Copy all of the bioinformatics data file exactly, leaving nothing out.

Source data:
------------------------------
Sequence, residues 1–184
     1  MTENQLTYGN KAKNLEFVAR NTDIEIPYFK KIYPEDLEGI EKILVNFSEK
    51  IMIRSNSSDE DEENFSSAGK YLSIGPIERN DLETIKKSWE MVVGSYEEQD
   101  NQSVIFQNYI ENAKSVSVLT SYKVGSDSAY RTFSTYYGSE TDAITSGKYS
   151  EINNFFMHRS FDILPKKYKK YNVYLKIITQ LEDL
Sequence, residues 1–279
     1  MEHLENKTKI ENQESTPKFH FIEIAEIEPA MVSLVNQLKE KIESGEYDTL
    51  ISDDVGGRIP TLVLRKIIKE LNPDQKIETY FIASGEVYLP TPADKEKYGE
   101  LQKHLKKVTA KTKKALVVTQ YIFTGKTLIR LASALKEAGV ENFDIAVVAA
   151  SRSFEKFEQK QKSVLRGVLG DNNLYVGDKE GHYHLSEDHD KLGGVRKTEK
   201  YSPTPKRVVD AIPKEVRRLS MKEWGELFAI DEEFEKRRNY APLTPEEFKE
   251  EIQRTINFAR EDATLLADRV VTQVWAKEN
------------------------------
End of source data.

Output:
Sequence, residues 1–184
     1  MTENQLTYGN KAKNLEFVAR NTDIEIPYFK KIYPEDLEGI EKILVNFSEK
    51  IMIRSNSSDE DEENFSSAGK YLSIGPIERN DLETIKKSWE MVVGSYEEQD
   101  NQSVIFQNYI ENAKSVSVLT SYKVGSDSAY RTFSTYYGSE TDAITSGKYS
   151  EINNFFMHRS FDILPKKYKK YNVYLKIITQ LEDL
Sequence, residues 1–279
     1  MEHLENKTKI ENQESTPKFH FIEIAEIEPA MVSLVNQLKE KIESGEYDTL
    51  ISDDVGGRIP TLVLRKIIKE LNPDQKIETY FIASGEVYLP TPADKEKYGE
   101  LQKHLKKVTA KTKKALVVTQ YIFTGKTLIR LASALKEAGV ENFDIAVVAA
   151  SRSFEKFEQK QKSVLRGVLG DNNLYVGDKE GHYHLSEDHD KLGGVRKTEK
   201  YSPTPKRVVD AIPKEVRRLS MKEWGELFAI DEEFEKRRNY APLTPEEFKE
   251  EIQRTINFAR EDATLLADRV VTQVWAKEN